In a statement the trainer said: “I would like to address the speculation and rumours that have been rife since an old photo of me began circulating on social media yesterday afternoon.

“Firstly, I apologise profoundly for any offence that this photo has caused and can categorically state that the welfare of each and every horse under my care is paramount and has been central to the success that we have enjoyed here at Cullentra.

Trainer Gordon Elliott after the 5.15 Randox Health Grand National Handicap Chase Action
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Elliott is a three-time Grand National winner

“The photo in question was taken some time ago and occurred after a horse had died of an apparent heart attack on the gallops. I appreciate that an initial viewing of this photo suggests it is a callous and staged photo but nothing could be further from the truth.

“At what was a sad time, which it is when any horse under my care passes away, my initial reaction was to get the body removed from where it was positioned.

“I was standing over the horse waiting to help with the removal of the body, in the course of which, to my memory I received a call and, without thinking, I sat down to take it. Hearing a shout from one of my team, I gestured to wait until I was finished.

“Such background information may seem trivial at this time and will not allay the concerns of many people both within and outside the world of horse racing.

“However, I feel it is important to provide people with some context surrounding this photo. To the racing community, to anyone who has worked with and loves horses and to anyone offended by this image I cannot apologise enough.

“Horse welfare and the care and attention to detail involved is absolutely at the core of everything we do here and both myself and all of my team pride ourselves on those standards.

“Again I apologise for any offence caused and ask people to consider this statement as opposed to the various falsehoods and misinformation being circulated on social media.

“At this time, I would like to stress that I continue to extend my full cooperation with the ongoing IHRB investigation.”

General view during the 5.15 Randox Health Grand National Handicap Chase
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‘Respect for horses is a fundamental value of our sport’, the Irish Horseracing Regulatory Board has said

An IHRB spokesman said: “The investigation is under way, and it will be dealt with as quickly as possible.”

Elliott is a three-time Grand National winner, having sent out Silver Birch to claim the Aintree prize before Tiger Roll became the first back-to-back winner of the race since Red Rum when lifting the marathon event in 2018 and 2019.

The British Horseracing Authority said: “We hope the Irish authorities will quickly confirm how this shocking picture originated.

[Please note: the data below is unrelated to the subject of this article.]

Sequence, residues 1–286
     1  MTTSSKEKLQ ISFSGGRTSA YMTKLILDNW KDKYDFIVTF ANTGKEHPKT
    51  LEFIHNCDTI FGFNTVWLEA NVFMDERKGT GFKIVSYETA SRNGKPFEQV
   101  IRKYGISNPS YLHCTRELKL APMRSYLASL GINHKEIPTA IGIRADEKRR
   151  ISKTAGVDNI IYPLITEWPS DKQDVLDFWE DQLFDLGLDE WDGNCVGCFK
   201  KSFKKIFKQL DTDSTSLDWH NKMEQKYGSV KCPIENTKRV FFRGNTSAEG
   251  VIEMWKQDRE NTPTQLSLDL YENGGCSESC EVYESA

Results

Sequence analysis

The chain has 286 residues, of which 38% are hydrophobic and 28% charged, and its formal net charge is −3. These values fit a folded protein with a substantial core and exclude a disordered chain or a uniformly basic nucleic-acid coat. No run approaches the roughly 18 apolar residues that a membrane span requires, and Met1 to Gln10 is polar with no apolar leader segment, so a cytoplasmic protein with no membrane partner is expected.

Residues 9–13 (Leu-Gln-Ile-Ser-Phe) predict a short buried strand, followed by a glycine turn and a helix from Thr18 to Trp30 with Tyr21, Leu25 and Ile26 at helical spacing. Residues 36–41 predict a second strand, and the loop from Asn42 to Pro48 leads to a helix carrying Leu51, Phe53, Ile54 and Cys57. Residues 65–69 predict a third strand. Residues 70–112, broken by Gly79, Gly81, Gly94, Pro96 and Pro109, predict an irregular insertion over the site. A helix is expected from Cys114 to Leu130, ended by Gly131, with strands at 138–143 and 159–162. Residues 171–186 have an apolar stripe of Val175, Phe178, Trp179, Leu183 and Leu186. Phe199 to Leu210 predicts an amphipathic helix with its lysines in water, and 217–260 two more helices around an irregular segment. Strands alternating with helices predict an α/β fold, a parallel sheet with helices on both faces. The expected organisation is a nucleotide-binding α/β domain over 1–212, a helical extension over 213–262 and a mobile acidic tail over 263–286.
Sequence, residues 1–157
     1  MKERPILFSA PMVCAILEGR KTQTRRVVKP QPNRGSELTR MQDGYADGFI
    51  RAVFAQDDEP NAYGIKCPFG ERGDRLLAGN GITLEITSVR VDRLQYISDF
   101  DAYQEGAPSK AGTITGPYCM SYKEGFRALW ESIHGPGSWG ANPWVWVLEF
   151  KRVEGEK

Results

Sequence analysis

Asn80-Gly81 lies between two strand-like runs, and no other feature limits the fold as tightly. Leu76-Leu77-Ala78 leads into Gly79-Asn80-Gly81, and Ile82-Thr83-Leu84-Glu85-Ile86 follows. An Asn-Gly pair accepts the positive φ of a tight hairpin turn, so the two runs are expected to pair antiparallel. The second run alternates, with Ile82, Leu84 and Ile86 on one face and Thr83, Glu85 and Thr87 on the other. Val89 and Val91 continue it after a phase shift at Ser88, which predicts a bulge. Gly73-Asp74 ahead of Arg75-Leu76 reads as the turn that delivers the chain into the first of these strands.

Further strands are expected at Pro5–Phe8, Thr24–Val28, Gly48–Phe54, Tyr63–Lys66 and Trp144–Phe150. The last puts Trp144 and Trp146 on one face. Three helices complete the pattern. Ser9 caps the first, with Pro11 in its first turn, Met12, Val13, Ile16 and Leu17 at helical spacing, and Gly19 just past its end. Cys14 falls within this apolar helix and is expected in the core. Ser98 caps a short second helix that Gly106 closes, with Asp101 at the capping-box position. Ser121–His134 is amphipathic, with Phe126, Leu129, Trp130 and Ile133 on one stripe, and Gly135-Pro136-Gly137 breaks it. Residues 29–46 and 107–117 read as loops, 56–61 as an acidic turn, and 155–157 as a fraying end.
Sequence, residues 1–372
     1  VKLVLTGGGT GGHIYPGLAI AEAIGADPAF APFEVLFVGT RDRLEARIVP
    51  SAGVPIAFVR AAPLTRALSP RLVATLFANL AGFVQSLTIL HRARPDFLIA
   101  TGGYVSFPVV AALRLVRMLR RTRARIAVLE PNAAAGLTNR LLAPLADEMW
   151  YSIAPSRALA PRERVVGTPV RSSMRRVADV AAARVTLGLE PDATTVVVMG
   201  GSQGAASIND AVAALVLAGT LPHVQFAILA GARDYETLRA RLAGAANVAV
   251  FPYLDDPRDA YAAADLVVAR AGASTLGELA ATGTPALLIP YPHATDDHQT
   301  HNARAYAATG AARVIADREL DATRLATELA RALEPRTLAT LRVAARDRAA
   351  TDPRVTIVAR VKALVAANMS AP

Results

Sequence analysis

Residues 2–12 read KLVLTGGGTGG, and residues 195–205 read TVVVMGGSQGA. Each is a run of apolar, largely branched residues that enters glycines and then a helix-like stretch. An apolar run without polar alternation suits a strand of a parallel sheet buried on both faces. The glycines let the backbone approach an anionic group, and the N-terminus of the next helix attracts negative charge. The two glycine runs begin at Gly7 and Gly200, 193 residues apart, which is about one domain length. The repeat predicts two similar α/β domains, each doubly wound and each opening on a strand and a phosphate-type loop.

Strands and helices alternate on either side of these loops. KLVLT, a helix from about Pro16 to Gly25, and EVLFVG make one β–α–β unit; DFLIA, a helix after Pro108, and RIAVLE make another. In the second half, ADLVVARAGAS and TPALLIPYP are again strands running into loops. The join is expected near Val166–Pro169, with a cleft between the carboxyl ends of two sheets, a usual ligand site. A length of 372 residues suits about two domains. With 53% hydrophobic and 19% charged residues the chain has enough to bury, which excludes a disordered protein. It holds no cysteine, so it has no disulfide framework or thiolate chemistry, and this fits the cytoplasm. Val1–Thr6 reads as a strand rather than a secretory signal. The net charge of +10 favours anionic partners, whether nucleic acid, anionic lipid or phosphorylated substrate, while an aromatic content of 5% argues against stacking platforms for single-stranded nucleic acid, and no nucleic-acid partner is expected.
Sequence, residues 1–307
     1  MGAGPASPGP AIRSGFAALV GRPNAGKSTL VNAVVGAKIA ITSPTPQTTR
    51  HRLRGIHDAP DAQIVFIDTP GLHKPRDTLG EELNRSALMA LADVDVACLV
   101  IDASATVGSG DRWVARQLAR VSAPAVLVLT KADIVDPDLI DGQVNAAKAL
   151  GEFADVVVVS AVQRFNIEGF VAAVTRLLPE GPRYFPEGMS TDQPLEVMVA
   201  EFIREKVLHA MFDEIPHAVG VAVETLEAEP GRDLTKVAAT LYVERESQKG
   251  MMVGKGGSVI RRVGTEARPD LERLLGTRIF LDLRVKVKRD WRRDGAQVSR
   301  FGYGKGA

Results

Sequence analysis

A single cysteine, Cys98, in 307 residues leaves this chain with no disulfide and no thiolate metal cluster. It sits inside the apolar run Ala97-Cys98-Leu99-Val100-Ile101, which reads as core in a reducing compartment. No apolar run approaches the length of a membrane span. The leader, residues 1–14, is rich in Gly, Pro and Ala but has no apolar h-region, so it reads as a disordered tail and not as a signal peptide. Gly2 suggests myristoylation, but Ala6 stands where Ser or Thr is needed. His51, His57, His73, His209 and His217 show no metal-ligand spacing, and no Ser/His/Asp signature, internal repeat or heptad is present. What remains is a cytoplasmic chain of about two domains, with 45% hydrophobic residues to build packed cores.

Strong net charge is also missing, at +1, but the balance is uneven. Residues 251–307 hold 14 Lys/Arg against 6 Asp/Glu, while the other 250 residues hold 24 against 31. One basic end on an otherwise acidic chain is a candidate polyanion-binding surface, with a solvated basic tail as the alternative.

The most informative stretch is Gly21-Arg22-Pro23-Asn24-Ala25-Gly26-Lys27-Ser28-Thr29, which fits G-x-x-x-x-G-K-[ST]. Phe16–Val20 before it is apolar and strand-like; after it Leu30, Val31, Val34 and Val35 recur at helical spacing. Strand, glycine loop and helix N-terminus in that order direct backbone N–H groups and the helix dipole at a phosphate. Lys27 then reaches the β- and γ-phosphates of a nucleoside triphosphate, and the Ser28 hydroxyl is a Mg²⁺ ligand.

“Respect for horses is a fundamental value of our sport, contrary to the impression in this picture. The IHRB have assured us that the investigation will be carried out as quickly as possible and that they will keep us informed as more information becomes available.”

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Trump CPAC speech: Former president says he may run again in 2024 | US News

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Donald Trump has suggested he may run for president again in 2024 – amid an angry attack on Joe Biden in his first major address since leaving the White House.

The Republican used his speech at the Conservative Political Action Conference (CPAC) in an apparent effort to cement his status as the party’s undisputed leader despite his defeat in November.

“Do you miss me yet?” Mr Trump began, amid rapturous applause

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In his first speech since leaving office, former US president Donald Trump says he may consider running for office again.

“I stand before you today to declare that the incredible journey we began together… there’s never been a journey so successful – we began it together four years ago and it is far from over,” he said.

He dismissed suggestions he may start a new party, saying “we’re not interested in them”.

“We all knew the Biden administration was going to be bad, but none of us even imagined just how bad they would be,” he said.

“He talked about energy. I thought ‘this guy, actually he’s ok with energy’. He wasn’t ok with energy… he wants windmills.”

Continuing his attack, he suggested the Democrat would lose in 2024, adding: “Who knows, I may even decide to beat them for a third time” – a reference to repeated and baseless claim that he did not lose the last election.